Physics – The Beginning


Physics is a lot more than what one perceives. It includes everything! From the spinning electrons to the spinning galaxies; from the snap of fingers to the ripples of Gravitational Waves; from the Quantum Particles to the Supernovas; Physics is the ultimate explanation to everything.

Physics isn’t just about definitions. It’s about reasons and logic and answers to the questions that are beyond the reach of an ordinary mind.

When we talk about Physics, we need to know when, where, and especially, how and why it came into existence.

The birth of Physics, or for that matter, Science, can be traced back to the Ancient Greece.

It was the Philosopher, Thales of Milletus, in the 7th and 6th century BCE, who refused to accept various supernatural, religious or mythological explanations for natural phenomena and proclaimed that every event had a cause.

He was dubbed as the “Father of Science”.

It was due to the efforts made by Thales of Milletus that a long line of Philosophers, Scientists and Mathematicians emerged out of Ancient Greece and introduced basic laws of physics and other sciences to the world which have been evolving eversince, thus defining and redefining our reality and our understanding of the Universe.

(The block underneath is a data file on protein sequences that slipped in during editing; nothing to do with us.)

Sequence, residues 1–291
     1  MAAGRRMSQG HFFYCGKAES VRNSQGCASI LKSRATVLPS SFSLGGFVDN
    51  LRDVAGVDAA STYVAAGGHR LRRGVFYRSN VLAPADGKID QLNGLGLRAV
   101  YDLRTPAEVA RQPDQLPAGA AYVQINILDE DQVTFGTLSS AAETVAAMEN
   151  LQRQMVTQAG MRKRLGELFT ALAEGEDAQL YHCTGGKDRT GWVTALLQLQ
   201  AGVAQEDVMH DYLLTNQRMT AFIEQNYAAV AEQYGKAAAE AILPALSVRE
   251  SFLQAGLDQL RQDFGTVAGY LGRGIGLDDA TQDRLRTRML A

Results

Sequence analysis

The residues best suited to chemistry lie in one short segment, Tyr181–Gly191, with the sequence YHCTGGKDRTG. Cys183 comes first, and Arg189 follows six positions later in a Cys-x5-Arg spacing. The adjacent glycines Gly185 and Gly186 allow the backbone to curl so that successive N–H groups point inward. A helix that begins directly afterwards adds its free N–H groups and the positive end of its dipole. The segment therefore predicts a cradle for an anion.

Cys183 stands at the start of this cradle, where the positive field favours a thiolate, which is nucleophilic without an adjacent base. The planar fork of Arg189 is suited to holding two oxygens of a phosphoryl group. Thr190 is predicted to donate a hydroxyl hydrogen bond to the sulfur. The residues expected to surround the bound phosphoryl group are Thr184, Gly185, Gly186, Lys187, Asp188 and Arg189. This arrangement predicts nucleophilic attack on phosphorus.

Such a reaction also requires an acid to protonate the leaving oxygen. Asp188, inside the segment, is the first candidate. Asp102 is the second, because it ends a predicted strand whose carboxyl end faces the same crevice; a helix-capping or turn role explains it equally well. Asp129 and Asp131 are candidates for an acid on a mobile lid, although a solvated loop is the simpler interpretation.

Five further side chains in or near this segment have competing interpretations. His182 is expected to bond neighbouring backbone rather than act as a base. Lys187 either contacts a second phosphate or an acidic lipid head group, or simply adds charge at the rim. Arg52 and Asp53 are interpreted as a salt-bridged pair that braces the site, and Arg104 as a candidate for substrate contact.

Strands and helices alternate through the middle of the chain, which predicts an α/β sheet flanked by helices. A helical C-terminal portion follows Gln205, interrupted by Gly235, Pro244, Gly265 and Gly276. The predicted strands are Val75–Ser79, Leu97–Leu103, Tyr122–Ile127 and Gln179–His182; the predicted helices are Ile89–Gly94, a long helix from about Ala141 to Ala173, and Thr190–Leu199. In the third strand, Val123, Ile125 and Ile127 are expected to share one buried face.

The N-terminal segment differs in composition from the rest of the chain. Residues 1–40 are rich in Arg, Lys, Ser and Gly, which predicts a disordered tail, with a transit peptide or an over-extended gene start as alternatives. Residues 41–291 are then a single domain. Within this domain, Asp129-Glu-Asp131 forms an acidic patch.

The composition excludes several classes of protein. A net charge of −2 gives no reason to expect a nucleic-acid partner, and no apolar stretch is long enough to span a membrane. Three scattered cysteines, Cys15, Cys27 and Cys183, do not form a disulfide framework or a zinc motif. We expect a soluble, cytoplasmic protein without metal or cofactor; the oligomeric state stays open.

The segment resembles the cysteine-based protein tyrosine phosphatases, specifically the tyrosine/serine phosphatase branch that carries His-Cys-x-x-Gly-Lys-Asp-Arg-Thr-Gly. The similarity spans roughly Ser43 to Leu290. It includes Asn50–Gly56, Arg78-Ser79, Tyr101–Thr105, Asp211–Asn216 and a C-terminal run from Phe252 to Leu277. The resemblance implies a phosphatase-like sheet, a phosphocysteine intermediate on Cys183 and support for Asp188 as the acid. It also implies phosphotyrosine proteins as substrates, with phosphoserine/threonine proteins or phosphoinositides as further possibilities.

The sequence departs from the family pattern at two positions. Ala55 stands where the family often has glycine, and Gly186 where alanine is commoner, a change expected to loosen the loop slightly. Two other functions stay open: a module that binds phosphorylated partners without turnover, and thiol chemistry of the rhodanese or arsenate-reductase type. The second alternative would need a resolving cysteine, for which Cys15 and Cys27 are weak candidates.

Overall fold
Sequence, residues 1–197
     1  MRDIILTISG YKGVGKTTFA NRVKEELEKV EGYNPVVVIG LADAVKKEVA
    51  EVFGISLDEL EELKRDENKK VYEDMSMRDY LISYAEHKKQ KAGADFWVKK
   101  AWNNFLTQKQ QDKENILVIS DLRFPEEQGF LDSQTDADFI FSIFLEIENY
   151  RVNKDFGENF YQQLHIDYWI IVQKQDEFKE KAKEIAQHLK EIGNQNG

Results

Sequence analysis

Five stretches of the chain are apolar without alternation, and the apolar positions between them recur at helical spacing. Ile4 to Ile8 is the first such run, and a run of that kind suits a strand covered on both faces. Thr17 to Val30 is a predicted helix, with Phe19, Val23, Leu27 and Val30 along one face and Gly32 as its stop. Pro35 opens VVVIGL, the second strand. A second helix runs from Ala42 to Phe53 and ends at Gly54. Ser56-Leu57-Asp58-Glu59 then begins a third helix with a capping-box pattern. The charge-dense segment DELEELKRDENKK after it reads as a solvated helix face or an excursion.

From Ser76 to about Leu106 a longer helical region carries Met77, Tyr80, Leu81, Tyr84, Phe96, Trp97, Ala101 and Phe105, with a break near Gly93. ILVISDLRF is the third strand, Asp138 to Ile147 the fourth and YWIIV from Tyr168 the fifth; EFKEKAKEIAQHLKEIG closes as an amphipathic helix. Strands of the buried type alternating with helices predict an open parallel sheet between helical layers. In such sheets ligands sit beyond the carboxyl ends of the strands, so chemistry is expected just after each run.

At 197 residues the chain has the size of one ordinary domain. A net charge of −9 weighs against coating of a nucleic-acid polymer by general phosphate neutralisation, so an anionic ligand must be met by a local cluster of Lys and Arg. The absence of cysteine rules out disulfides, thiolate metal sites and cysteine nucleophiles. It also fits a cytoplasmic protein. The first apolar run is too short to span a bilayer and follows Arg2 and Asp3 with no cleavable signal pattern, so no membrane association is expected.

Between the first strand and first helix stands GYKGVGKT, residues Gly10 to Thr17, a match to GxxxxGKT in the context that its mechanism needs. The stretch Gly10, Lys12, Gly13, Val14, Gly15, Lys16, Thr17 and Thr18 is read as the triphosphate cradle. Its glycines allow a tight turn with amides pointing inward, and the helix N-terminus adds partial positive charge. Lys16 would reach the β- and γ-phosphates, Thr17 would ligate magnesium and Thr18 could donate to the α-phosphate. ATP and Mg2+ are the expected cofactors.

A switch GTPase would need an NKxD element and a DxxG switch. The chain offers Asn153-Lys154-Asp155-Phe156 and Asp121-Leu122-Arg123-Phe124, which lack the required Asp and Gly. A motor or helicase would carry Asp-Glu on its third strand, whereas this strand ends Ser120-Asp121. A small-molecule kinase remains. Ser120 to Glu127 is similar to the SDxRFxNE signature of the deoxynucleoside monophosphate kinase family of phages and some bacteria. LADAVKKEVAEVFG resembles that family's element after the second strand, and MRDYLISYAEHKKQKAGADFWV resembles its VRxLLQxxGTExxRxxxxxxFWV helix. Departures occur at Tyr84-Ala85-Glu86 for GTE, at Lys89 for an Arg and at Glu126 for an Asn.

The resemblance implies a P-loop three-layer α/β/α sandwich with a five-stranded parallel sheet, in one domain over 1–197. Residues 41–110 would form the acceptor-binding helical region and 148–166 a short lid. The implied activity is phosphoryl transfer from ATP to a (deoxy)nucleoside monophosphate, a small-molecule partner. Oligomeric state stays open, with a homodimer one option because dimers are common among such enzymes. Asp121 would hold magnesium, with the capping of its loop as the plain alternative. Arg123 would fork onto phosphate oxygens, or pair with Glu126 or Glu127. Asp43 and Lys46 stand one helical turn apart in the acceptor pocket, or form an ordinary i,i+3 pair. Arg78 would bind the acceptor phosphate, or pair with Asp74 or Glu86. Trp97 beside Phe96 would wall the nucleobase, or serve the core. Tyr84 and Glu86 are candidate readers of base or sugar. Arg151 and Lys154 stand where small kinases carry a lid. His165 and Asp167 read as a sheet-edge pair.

It was during the Classical Period in Greece that Aristotle promoted the concept that observation of physical phenomena could ultimately lead to the discovery of the natural laws governing them.

He attempted to explain ideas such as motion (and gravity) with the theory of four elements. Aristotle believed that all matter was made up of aether, or some combination of four elements: earth, water, air, and fire.

Aristotelian Physics remained the mainstream scientific paradigm in Europe until the time of Galileo Gallilei and Isaac Newton.

We’ll discuss more about Ancient Greece and the beliefs and theories of Philosophers and Scientists from that period.

Hope that will help some of you understand why you don’t have to reach the conclusion that some things are beyond our understanding. It might also help with the “Naming Everything Unknown as God or Devil” Syndrome.

P.S. I believe a little more pedestrian and rudimentary way would help people be a bit more logical and rational!

Categories: science

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